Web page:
In a recent study published in National Science Review, a team of researchers led by the China University of Geosciences discuss direct evidence of an ancient ocean and its shoreline that existed in the northern hemisphere of Mars during the Hesperian Period, or more than 3 billion years ago. This finding is based on data collected by the China National Space Agency’s (CNSA) Zhurong rover in the Vastitas Borealis Formation (VBF), which lies within southern Utopia Planitia on Mars.Continue reading “China’s Rover Found Evidence of an Ancient Ocean on Mars”
Scientists have long suspected that Mars was once warm and wet in its ancient past. The Mars Ocean Hypothesis says that the planet was home to a large ocean around 4 billion years ago. The ocean filled the Vastitas Borealis basin in the planet’s northern hemisphere. The basin is 4–5 km (2.5–3 miles) below Mars’ mean elevation.
A new topographic map of Mars reinforces the hypothesis and adds more detail.Continue reading “Scientists Piece Together the Shoreline of an Ancient Ocean on Mars”
Life might have wiped itself out on early Mars. That’s not as absurd as it sounds; that’s sort of what happened on Earth.
But life on Earth evolved and persisted, while on Mars, it didn’t.Continue reading “Early Life on Mars Might Have Wiped Out Life on Mars”
The existence of water on Mars is a contentious subject. We know there used to be water on the surface of the planet, though it’s long gone now. We know there’s frozen water underground in the world, and we know there’s water vapour in the air. But life needs liquid water.
Could there be liquid water on Mars?
A new study shows how salty water could emerge from the atmosphere onto Mars’ surface under the right conditions.Continue reading “There are Places Where Salty Water Could Emerge Onto the Surface of Mars”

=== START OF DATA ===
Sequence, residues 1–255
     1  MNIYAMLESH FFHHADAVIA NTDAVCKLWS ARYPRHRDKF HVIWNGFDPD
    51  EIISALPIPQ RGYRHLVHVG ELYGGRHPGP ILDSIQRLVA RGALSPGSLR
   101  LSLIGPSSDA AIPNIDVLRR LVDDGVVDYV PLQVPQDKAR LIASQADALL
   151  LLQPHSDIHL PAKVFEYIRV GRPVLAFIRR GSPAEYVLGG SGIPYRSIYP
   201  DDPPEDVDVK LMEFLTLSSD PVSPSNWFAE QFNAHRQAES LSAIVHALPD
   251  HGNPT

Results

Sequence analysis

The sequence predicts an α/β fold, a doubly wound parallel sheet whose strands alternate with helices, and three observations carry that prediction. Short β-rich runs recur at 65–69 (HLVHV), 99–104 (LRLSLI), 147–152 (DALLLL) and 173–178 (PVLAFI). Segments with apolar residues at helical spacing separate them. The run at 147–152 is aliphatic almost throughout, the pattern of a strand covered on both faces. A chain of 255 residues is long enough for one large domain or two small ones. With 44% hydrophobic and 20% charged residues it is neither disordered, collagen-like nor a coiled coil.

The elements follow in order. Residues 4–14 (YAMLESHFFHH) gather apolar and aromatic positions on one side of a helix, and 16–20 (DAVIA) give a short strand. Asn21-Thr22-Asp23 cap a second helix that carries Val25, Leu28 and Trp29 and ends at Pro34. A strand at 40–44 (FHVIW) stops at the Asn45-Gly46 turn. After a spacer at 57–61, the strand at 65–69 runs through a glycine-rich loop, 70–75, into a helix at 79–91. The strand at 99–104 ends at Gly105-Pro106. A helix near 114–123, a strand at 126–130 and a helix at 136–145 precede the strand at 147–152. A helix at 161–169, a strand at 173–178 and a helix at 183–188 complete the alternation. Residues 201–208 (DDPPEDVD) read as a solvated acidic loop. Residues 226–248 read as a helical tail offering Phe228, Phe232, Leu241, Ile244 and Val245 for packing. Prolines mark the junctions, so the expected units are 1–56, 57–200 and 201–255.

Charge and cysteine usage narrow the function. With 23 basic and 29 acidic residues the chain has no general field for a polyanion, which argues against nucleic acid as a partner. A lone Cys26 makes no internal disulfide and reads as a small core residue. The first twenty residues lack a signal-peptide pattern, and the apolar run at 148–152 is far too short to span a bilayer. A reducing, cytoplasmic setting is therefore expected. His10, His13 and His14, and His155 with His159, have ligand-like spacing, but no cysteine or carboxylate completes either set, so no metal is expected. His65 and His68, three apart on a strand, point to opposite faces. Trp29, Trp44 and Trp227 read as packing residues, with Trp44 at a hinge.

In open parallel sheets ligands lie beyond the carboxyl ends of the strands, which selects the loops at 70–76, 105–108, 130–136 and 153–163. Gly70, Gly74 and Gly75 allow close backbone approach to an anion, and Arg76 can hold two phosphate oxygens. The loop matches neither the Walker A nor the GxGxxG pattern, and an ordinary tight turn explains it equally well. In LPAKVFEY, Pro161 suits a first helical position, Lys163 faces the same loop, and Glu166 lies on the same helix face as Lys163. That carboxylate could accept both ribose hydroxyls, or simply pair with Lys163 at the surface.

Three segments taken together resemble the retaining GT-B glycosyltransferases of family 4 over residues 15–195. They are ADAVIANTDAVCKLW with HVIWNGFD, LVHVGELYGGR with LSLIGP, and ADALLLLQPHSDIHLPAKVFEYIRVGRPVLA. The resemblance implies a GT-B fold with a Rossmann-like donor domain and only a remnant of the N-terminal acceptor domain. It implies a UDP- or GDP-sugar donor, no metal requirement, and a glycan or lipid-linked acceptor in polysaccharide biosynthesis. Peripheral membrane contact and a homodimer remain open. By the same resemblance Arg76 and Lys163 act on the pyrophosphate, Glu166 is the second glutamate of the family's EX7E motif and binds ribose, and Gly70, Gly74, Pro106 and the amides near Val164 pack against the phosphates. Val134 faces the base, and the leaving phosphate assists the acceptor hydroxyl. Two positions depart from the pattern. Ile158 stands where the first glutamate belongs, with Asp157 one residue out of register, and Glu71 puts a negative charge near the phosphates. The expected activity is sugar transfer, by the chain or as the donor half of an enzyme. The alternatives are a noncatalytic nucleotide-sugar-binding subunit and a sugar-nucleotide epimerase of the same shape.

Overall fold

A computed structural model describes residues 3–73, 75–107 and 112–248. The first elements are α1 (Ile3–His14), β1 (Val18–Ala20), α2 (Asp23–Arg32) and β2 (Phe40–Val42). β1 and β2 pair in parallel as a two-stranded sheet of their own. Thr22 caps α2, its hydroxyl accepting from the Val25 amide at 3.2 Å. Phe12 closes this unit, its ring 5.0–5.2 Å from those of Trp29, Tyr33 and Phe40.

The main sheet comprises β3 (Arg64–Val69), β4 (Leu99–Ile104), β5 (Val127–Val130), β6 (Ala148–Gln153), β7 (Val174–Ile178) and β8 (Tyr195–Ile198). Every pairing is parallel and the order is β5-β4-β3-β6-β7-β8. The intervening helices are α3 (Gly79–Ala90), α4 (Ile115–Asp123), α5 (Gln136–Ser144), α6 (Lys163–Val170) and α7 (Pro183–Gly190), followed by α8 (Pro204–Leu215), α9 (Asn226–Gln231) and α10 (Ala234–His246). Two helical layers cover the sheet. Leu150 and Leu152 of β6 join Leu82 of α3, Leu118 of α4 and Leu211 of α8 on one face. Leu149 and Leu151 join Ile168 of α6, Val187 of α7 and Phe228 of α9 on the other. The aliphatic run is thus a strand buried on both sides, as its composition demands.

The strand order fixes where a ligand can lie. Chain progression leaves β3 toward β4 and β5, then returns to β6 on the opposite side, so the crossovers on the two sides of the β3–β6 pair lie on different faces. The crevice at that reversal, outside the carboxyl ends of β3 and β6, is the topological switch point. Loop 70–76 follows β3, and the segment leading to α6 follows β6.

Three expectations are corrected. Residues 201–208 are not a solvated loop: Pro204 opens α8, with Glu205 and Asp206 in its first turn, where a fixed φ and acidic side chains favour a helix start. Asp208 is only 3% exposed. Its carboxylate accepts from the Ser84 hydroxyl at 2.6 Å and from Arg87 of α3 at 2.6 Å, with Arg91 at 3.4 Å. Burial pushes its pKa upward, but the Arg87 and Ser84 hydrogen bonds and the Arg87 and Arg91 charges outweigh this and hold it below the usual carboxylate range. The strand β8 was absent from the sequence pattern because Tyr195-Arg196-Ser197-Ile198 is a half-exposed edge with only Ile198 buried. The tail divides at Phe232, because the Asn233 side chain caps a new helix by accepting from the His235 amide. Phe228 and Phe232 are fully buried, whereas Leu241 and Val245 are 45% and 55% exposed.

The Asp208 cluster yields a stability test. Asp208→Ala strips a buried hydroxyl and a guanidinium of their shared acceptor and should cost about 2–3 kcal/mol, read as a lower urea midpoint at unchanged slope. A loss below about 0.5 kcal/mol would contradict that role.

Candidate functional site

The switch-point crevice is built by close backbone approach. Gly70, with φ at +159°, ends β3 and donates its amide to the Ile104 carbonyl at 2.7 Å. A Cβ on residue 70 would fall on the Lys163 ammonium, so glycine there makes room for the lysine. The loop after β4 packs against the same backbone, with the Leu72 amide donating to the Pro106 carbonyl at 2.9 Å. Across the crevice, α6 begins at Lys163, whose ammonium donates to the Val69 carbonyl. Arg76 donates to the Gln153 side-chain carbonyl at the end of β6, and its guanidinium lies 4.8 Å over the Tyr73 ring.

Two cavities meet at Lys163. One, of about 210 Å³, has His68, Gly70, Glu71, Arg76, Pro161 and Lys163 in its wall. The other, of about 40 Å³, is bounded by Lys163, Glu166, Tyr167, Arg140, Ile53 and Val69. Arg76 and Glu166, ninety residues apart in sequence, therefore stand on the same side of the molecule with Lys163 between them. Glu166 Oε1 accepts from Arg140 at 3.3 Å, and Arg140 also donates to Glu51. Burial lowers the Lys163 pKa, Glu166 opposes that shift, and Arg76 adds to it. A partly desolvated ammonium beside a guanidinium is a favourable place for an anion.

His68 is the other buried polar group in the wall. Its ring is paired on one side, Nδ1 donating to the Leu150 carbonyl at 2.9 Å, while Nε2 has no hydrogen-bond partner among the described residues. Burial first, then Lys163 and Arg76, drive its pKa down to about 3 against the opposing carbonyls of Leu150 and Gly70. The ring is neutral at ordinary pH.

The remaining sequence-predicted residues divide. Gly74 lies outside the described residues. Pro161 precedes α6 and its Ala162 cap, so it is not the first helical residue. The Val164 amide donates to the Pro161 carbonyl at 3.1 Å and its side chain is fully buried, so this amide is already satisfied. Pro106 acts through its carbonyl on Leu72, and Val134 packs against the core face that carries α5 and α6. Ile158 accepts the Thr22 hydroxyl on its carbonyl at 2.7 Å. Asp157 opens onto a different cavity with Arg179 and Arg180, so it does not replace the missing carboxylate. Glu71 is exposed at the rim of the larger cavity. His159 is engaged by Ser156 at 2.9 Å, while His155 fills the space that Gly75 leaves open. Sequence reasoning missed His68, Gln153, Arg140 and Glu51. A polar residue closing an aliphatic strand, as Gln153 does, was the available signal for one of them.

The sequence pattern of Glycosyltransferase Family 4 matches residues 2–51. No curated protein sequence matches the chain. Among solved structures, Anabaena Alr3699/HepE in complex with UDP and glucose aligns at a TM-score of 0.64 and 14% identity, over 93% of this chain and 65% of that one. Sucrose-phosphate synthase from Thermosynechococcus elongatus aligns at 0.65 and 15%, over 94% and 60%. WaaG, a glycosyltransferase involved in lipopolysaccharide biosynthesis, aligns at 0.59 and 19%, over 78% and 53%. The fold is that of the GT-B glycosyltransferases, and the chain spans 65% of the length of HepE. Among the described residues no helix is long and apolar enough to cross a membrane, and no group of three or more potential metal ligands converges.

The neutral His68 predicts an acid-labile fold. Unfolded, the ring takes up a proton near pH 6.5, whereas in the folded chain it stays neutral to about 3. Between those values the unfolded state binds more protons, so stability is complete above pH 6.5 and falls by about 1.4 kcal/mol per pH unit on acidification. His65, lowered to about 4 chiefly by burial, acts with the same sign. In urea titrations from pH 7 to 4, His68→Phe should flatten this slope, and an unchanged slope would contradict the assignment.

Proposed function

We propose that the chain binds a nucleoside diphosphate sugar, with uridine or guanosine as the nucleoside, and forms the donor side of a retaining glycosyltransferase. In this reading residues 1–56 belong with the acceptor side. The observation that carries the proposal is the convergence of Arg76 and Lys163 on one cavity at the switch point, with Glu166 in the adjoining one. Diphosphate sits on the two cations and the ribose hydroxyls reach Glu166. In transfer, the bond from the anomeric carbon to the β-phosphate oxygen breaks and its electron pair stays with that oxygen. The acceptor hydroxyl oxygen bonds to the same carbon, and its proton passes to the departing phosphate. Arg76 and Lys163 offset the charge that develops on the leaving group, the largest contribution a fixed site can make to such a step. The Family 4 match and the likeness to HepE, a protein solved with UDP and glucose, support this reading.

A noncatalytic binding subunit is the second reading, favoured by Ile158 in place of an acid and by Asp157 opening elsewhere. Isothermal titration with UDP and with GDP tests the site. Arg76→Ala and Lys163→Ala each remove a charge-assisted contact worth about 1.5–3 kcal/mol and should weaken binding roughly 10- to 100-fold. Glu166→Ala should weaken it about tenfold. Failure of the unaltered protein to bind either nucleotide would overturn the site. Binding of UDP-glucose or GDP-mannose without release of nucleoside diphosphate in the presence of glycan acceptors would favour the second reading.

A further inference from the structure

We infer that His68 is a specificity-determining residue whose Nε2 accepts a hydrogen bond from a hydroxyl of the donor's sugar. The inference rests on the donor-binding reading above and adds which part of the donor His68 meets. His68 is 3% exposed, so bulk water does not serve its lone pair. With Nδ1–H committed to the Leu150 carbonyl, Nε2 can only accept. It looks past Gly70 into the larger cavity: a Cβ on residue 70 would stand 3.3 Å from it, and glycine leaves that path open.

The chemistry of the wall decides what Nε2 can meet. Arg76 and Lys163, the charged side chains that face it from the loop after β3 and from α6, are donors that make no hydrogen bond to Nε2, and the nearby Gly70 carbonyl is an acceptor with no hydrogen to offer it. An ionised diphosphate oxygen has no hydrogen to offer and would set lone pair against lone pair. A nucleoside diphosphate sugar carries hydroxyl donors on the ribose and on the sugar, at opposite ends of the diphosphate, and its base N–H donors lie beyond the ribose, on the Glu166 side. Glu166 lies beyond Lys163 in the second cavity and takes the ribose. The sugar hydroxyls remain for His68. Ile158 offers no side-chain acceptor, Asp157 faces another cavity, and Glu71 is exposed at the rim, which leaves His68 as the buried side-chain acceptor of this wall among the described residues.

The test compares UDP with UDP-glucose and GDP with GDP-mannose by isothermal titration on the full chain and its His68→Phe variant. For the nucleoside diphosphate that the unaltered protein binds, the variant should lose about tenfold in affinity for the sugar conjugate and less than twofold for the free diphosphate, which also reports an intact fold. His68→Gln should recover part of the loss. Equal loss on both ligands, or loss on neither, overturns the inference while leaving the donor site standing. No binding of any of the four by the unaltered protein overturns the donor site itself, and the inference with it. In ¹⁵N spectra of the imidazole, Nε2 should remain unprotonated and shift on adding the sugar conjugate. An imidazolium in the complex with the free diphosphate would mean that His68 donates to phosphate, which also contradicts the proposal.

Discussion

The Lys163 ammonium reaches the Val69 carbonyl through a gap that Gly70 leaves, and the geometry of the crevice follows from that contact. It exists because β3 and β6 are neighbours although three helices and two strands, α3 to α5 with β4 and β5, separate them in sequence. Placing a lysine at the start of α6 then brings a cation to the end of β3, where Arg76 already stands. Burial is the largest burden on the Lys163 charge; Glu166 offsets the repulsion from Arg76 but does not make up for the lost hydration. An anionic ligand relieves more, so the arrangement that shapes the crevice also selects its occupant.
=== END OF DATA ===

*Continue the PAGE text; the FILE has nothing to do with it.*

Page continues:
There’s no surface water on Mars now, but there was a long time ago. If you ask most people interested in Mars, what’s left of it is underground and probably frozen.
But some previous evidence shows there’s a lake of liquid water under the planet’s South Pole Layered Deposits (SPLD). Other evidence refutes it. So what’s going on?
Science, that’s what.Continue reading “The Scientific Debate Rages on: Is there Water Under Mars’ South Pole?”
The HiRISE (High-Resolution Imaging Science Experiment) camera on the Mars Reconnaissance Orbiter has captured another beauty. This time the image shows water ice peeking out from a cliffside on Mars. A layer of sediment obscures most of the ice, but fingers of it are visible.Continue reading “Ice Peeks out of a Cliffside on Mars”
Mars and water. Those words can trigger an avalanche of speculation, evidence, hypotheses, and theories. Mars has some water now, but it’s frozen, and most of it’s buried. There’s only a tiny bit of water vapour in the atmosphere. Evidence shows that it was much wetter in the past. In its ancient past, the planet may have had a global ocean. But was it habitable at one time?
A new study says it wasn’t. Mars lost most of its water, and it’s all to do with the planet’s size.Continue reading “Mars Was Too Small to Ever be Habitable”
Dust on Mars gets everywhere – including on top of ice deposited during one of Mars’ previous ice ages. Just how that dust affects the ice is still up for some debate. Adding to that debate, a recent paper by researchers at Arizona State University and the University of Washington has laid out a map between the dust content of a glacier and the brightness of its ice.Continue reading “Dusty Snow on Mars Could be Melting Just Below the Surface”
One of the hardest things to reconcile in science is when new data either complicates or refutes previously findings. It’s even more difficult when those findings were widely publicized and heralded around the community. But that is how science works – the theories must fit the data. So when a team from JPL analyzed data from Mars Express about the Martian South Pole, they realized the findings announced in 2018 about subsurface lakes on Mars might have been more fraught than they had originally thought.Continue reading “Potentially More Subsurface Lakes Found on Mars”
Changes in Mar’s geography always attract significant scientific and even public attention. A hope for signs of liquid water (and therefore life) is likely one of the primary driving forces behind this interest. One particularly striking changing feature is the Recurring Slope Lineae (RSL) originally found by the Mars Reconnaissance Orbiter (MRO). Now, scientists at the SETI Institute have a modified theory for where those RSLs might develop – a combination of water ice and salt just under the Martian surface.Continue reading “What’s Causing Those Landslides on Mars? Maybe Underground Salt and Melting Ice”